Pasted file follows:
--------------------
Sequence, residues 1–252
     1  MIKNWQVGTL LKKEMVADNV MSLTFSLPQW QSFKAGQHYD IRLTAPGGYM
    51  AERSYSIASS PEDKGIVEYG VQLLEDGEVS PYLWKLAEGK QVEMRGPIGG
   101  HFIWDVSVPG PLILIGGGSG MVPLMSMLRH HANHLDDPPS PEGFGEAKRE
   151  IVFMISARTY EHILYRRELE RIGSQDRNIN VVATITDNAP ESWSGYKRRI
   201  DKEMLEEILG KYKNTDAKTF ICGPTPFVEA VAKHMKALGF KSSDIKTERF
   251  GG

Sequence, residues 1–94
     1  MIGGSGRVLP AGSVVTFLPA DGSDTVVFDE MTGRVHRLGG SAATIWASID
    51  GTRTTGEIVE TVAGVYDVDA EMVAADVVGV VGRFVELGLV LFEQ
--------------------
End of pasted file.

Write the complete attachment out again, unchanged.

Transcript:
Sequence, residues 1–252
     1  MIKNWQVGTL LKKEMVADNV MSLTFSLPQW QSFKAGQHYD IRLTAPGGYM
    51  AERSYSIASS PEDKGIVEYG VQLLEDGEVS PYLWKLAEGK QVEMRGPIGG
   101  HFIWDVSVPG PLILIGGGSG MVPLMSMLRH HANHLDDPPS PEGFGEAKRE
   151  IVFMISARTY EHILYRRELE RIGSQDRNIN VVATITDNAP ESWSGYKRRI
   201  DKEMLEEILG KYKNTDAKTF ICGPTPFVEA VAKHMKALGF KSSDIKTERF
   251  GG

Sequence, residues 1–94
     1  MIGGSGRVLP AGSVVTFLPA DGSDTVVFDE MTGRVHRLGG SAATIWASID
    51  GTRTTGEIVE TVAGVYDVDA EMVAADVVGV VGRFVELGLV LFEQ